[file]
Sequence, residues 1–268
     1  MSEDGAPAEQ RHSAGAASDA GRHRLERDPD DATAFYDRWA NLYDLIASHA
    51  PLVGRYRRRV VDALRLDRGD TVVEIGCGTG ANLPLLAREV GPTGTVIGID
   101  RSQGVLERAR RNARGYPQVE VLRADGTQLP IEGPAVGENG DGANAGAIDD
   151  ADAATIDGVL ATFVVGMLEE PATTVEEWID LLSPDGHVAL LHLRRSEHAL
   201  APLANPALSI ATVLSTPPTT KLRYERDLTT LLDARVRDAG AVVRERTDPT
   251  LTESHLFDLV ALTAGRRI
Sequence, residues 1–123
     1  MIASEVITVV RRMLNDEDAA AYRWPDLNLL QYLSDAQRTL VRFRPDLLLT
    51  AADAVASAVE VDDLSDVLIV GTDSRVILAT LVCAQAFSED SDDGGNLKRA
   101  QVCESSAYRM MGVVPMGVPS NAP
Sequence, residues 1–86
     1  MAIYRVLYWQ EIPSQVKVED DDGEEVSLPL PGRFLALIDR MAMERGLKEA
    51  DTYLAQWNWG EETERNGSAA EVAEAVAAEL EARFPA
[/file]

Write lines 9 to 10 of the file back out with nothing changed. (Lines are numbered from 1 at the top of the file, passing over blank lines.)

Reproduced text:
     1  MIASEVITVV RRMLNDEDAA AYRWPDLNLL QYLSDAQRTL VRFRPDLLLT
    51  AADAVASAVE VDDLSDVLIV GTDSRVILAT LVCAQAFSED SDDGGNLKRA